It was travel, after all, that expanded Oberstar‘s own horizons. He grew up in Chisholm, the son of Slovenian immigrants. His father, a miner, saved $2,500 in quarters to send young James off to the College of St. Thomas in St. Paul. He graduated with honors in French and political science in 1956 and promptly set off for grad school in Belgium. He earned a master’s degree in European studies at the College of Europe in Bruges in 1957. After further studies in Quebec and at Georgetown University, he taught English and French in Haiti before landing a job as Blatnik’s chief of staff in 1963.
Oberstar won election to Congress in 1974 and, despite failing to get his party’s Senate nomination in 1984, has never lost an election. His politics, says the National Journal, reflect a liberal Catholic outlook: conservative on issues like abortion and gun control but liberal on socio-economic matters. Oberstar believes in an active government and is skeptical that the market can provide a fair enough distribution to move people forward.
During his long legislative career, he has made himself an expert on the airline industry. He has championed domestic steel and adoption as favorite issues. Another emphasis has been physical fitness as a way to reduce obesity in children. Oberstar is himself an active cyclist (both in Minnesota and near his home in Potomac, Md.), and has influenced federal policies that include biking and walking as a transportation choice. His “safe routes to school” program encourages communities to build bike paths and sidewalks as healthy options for kids.
An old-school politician
While scholarly in manner, Oberstar is an old-school politician. He doesn’t apologize for using his status to deliver generously for his district and state. For him, earmark is not a dirty word. Within days of the 35W bridge collapse in Minneapolis, Oberstar had secured $250 million in federal money for a replacement.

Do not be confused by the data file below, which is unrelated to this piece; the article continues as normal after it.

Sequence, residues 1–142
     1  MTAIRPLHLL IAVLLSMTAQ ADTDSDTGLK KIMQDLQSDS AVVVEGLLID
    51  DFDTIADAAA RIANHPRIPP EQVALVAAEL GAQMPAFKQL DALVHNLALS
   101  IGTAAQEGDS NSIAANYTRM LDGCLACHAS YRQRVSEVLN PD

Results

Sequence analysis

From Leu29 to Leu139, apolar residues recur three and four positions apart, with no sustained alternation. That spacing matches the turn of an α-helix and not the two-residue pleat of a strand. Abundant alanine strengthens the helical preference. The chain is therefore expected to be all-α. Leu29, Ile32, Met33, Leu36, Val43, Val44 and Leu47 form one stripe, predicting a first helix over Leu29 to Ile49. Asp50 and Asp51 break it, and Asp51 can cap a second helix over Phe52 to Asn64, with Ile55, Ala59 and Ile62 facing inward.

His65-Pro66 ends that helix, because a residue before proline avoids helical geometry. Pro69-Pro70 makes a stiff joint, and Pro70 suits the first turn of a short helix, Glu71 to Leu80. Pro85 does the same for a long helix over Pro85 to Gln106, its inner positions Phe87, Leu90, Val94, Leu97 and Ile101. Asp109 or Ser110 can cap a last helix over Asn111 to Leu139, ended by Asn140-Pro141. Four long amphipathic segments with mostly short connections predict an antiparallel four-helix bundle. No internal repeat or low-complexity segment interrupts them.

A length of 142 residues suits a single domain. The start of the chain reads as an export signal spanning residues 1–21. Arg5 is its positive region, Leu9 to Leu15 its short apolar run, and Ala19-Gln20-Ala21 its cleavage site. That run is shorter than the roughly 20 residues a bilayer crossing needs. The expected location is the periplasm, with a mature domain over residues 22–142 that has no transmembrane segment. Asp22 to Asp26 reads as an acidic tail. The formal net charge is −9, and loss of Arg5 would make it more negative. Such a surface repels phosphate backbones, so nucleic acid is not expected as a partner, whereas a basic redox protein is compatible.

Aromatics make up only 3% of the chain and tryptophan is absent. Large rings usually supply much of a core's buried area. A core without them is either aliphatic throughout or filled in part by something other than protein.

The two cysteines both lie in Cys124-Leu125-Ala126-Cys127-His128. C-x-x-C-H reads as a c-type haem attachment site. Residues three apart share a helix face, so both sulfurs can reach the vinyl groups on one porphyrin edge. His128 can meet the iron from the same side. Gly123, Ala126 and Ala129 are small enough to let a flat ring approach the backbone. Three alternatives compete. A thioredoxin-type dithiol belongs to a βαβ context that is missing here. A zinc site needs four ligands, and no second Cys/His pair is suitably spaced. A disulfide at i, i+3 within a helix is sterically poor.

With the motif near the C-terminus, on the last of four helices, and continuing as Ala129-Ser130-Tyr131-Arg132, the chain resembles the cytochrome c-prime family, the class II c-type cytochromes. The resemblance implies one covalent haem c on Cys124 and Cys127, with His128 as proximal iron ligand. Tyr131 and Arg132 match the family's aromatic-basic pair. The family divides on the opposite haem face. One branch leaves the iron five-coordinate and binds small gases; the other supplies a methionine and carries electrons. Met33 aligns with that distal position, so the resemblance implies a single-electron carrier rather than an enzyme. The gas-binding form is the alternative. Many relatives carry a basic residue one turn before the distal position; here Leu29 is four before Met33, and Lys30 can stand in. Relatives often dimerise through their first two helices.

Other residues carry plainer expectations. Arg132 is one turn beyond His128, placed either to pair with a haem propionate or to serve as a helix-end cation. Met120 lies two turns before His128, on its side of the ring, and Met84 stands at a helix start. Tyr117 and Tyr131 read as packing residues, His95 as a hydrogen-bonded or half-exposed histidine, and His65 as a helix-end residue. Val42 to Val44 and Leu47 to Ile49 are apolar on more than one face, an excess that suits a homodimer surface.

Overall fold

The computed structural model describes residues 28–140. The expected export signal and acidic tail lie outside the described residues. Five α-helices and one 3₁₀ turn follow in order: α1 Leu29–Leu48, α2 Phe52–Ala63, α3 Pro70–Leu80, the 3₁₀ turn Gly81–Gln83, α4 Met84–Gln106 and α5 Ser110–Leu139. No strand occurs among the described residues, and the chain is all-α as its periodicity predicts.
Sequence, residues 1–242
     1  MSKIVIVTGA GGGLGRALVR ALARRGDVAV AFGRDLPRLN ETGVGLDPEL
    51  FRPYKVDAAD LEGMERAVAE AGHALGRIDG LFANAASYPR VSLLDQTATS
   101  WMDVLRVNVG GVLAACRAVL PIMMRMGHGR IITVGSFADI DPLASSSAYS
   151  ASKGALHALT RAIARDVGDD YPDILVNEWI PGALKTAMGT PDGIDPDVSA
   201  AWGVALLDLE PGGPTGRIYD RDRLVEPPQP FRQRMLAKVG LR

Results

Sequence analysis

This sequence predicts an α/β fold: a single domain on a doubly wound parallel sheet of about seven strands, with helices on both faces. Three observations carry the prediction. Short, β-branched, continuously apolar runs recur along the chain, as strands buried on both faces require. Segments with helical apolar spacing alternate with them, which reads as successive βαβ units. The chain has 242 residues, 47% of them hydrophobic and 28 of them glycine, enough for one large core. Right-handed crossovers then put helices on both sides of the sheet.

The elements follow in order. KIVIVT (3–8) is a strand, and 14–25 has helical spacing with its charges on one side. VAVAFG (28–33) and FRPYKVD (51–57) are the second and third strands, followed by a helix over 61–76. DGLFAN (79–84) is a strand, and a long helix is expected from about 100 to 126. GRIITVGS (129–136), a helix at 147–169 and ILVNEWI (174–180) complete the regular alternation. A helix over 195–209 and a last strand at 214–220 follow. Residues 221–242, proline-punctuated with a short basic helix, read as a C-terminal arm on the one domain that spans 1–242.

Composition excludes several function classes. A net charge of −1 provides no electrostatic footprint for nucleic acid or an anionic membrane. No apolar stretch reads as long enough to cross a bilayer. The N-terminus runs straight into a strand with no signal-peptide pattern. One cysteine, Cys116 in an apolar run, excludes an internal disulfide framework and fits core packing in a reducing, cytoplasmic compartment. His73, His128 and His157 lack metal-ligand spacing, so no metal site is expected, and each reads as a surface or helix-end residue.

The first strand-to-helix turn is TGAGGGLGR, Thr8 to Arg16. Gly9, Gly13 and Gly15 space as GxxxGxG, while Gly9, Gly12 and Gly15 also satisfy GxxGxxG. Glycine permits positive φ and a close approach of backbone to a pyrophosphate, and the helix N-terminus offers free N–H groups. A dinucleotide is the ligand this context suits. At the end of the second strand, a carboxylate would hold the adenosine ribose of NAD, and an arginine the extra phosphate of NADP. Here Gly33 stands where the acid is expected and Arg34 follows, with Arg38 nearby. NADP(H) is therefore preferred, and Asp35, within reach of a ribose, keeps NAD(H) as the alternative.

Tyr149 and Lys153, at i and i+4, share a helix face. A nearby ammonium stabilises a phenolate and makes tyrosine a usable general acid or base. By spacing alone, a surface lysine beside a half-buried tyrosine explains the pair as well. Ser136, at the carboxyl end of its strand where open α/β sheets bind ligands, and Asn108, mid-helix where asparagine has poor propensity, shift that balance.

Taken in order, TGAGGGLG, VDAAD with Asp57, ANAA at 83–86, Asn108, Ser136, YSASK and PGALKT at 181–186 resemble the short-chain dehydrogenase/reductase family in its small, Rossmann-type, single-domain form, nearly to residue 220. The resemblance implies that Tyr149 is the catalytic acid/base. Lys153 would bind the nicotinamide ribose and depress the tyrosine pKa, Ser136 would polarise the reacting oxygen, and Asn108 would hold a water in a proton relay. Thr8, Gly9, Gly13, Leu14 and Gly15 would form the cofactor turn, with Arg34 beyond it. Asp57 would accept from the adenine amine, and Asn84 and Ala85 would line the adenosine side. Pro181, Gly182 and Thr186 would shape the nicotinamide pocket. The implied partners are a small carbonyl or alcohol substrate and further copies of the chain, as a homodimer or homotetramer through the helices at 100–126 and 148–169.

“It’s the biggest earmark Minnesota ever got, and nobody complained,” said former Rep. Martin Sabo, a Democrat who served alongside Oberstar for 28 years. Asked to assess Oberstar’s success, Sabo credited his dogged persistence and his talent for working with Republican colleagues.
Ornstein agreed. “I don’t know anybody who doesn’t like him,” he said.
Not always patient
Oberstar is not always a patient man. He has sharply criticized Gov. Tim Pawlenty for failing to raise state funds to meet federal matches for transit and other infrastructure projects. “If these people had their way, we’d still be traveling by horse and buggy,” he once quipped.
On a weekday last month, the congressman ducked into a meeting with real-estate developers, local officials and others in downtown Minneapolis.
“We have an enormous challenge ahead of us,” he began. “But, in a terrible economy, people now see the benefit of updating our infrastructure,” he said, not only to add jobs but to sharpen our competitive edge. He said that states have already identified about 4,000 highway projects.
Over the longer term, however, public heath and land use must have more influence over transportation policy, he told the gathering. Cities like Dallas and Phoenix have been able to generate hundreds of millions of dollars of real-estate investment along their light-rail lines, for example, offering people a chance at healthier lives.
“We need a new direction,” he said. Then, quite suddenly, he was off to his next meeting.
Steve Berg reports on a variety of topics for MinnPost, including urban design, transportation, national politics and world affairs. He can be reached at sberg [at] minnpost [dot] com.